That which is solid can be rendered plastic, and that which is plastic can be rendered liquid, and that which is liquid can be turned to steam. Try pushing the signet ring of all your autonomous choices into that cloud of steam. Quite the identity you have there, vapor man. And then think about what it means to make such an attempt when your signet ring has also turned into into steam.
Like Keats, the names of all these men are written in water. These are men who are desperately trying to escape the assignment that God gave to them, that assignment being to bear His image.
We are observing the almost complete fulfillment of C.S. Lewis’s prophetic little work of genius, written back in the 1940’s. We are observing the abolition of man.
Lucy shuddered and nodded. When they had sat down she said: “Such a horrible idea has come into my head, Su.” “What’s that?” “Wouldn’t it be dreadful if some day in our own world, at home, men started going wild inside, like the animals here, and still looked like men, so that you’d never know which were which?” “We’ve got enough to bother about here and now in Narnia,” said the practical Susan, “without imagining things like that.”C.S. Lewis, Prince Caspian
Our Most Necessary Christian Response
What should the response of Christians be? How are we to react to all of this? There are certain fundamental doctrines that we need to move back to the center of our lives. And just to be difficult, let us not call them doctrines, but rather dogmas. And let us not just mouth them, but also live them.
Christians must recover a holy dogmatism. And dogmatism does not mean bombast and bluster. As Chesterton put it, “Dogma does not mean the absence of thought, but the end of thought.” We are not to pursue the truth like we were on some kind of a snipe hunt. We pursue the truth until we find it, and then we are to hold it fast.
So we are to be dogmatic, but dogmatic about what? I would suggest four things—creation, law, grace, and life.
Only Jehovah God is the Creator, and we are His creatures. It is He that has made us, and not we ourselves (Ps. 100:3). As creatures, we have boundaries and natures, and have not been given the luxury of inventing ourselves, or reinventing ourselves, or of creating ourselves. We used to be nothing, and now we are something, and so we embrace the glory of limits. Created, finite, limited, and contingent beings have been given the gift of eternal life, and we will luxuriate in our boundedness forever and ever. It would be better to be a molecule in the paving stones of Heaven than to fill up the entire outer darkness with our triumphant howling. We will always be creatures. In Heaven, we like it.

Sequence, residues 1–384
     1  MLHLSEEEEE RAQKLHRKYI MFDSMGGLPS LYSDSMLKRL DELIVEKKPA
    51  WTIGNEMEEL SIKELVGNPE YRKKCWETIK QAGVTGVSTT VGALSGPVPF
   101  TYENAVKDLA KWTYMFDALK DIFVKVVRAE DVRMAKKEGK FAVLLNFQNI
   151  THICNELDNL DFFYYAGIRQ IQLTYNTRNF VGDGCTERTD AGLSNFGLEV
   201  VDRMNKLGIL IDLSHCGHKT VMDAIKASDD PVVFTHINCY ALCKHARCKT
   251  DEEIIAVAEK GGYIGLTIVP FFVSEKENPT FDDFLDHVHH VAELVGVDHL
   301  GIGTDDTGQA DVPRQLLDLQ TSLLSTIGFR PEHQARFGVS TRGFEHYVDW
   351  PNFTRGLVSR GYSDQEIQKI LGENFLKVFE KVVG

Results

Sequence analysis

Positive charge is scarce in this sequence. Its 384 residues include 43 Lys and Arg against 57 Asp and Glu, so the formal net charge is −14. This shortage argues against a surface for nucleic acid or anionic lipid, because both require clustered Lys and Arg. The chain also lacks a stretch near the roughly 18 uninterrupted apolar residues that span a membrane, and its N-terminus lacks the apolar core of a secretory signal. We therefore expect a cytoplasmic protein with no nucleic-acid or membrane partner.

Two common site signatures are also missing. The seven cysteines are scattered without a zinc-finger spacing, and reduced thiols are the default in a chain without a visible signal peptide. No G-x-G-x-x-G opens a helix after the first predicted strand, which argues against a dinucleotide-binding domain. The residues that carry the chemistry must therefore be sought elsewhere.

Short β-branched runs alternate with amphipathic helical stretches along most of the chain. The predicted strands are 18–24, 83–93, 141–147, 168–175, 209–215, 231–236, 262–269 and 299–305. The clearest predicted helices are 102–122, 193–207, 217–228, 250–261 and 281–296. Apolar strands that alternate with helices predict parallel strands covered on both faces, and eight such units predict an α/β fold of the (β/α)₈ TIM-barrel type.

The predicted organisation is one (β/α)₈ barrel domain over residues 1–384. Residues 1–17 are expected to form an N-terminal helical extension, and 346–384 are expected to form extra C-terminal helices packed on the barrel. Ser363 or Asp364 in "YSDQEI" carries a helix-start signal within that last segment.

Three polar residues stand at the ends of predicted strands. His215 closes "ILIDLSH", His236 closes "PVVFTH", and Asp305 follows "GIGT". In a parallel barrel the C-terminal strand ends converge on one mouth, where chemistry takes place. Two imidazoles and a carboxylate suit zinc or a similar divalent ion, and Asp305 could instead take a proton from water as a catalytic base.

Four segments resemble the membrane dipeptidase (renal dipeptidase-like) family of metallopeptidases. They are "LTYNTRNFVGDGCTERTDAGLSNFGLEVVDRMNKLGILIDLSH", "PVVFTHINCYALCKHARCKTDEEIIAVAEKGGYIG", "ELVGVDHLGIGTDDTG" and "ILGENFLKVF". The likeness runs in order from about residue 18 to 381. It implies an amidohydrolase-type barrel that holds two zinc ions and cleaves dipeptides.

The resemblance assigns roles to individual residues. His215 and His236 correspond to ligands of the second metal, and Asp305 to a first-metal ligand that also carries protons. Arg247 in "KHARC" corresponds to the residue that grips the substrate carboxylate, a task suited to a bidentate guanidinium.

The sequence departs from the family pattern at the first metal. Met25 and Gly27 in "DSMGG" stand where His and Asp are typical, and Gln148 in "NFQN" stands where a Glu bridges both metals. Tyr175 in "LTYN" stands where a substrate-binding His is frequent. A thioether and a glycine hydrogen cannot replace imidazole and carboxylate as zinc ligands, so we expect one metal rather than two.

Only Jehovah God is the Lawgiver, and so our morality is assigned to us, like our natures and our limits. God spoke to Adam and Eve in the Garden, and He told them what not to do. God spoke to Moses on Sinai, and told Him what not to do. The Lord Jesus sat down on the Mount of Olives, and told us what not to do. Our source for what constitutes moral behavior is to be the law/word of God, and must not be the results of a vote that we took, with every dirty heart we could find eligible to vote. Morality is defined by divine authority, and not by jiggered consensus. But when we return to divine authority as our foundation for morality we discover, to our dismay, that we are sinners. And this leads to the next point.
Only Jehovah God is the Savior, and He did it with His own blood. We secured our damnation by valuing “self” above all else, and the Lord secured our salvation by refusing to value Himself in that same way. He saved us by giving Himself as a sacrifice, and when we receive the efficacious results of that sacrifice, we are enabled to imitate it. We do not duplicate it, but the way of a disciple is the way of imitating it. The objective gospel is the message of the death, burial, resurrection and ascension of the Lord Jesus, and our assigned task is to believe that this gospel is ultimate truth. Not a tiny truth, not our truth, not a makeshift truth, and not a truth much appreciated in our faith community. No, Jesus Himself is the way, the truth, and the life (John 14:6).
Only Jehovah God is our life (John 14:6). The doctrine of creation must be lived, not just affirmed. The doctrine of God’s moral authority must be lived, not just affirmed. The doctrine of the grace that is exhibited in Christ Jesus must be lived, not just affirmed. The Christian life is a life, not an esoteric ideal. As I am fond of saying, theology comes out your fingertips, and whatever it is that is coming out your fingertips represents your true theology. We must live as though God called the cosmos out of nothing just a few thousand years ago, because He did. We must live as though God Himself wrote the Ten Commandments on the tablets of stone with His own finger, because He did. We must live as though our own elected leaders rammed that spear into Christ’s side, because they did, and as though they are still trying to bribe the guards into lying about the resurrection, because they are. We must live as Christians.
And one last thing. There is a necessary context for these doctrines of creation, law, gospel, and life. The corrosive rot of unbelief tries to maintain a metaphysical framework that allows for its continued unbelief, and we must have nothing to do with it. To place the content of the Christian gospel within that unbelieving metaphysical framework is a denial of the gospel. The frame for our affirmation of these four doctrines must therefore be the Christian metaphysical framework, which is that Jesus is Lord.
Unless He is Lord of all, and Lord over all, all your mouthing of Christian cliches is just trying to form a signet ring of your own out of random Jesus-words, and waiting in line for your turn to press it into that gelatinous mass.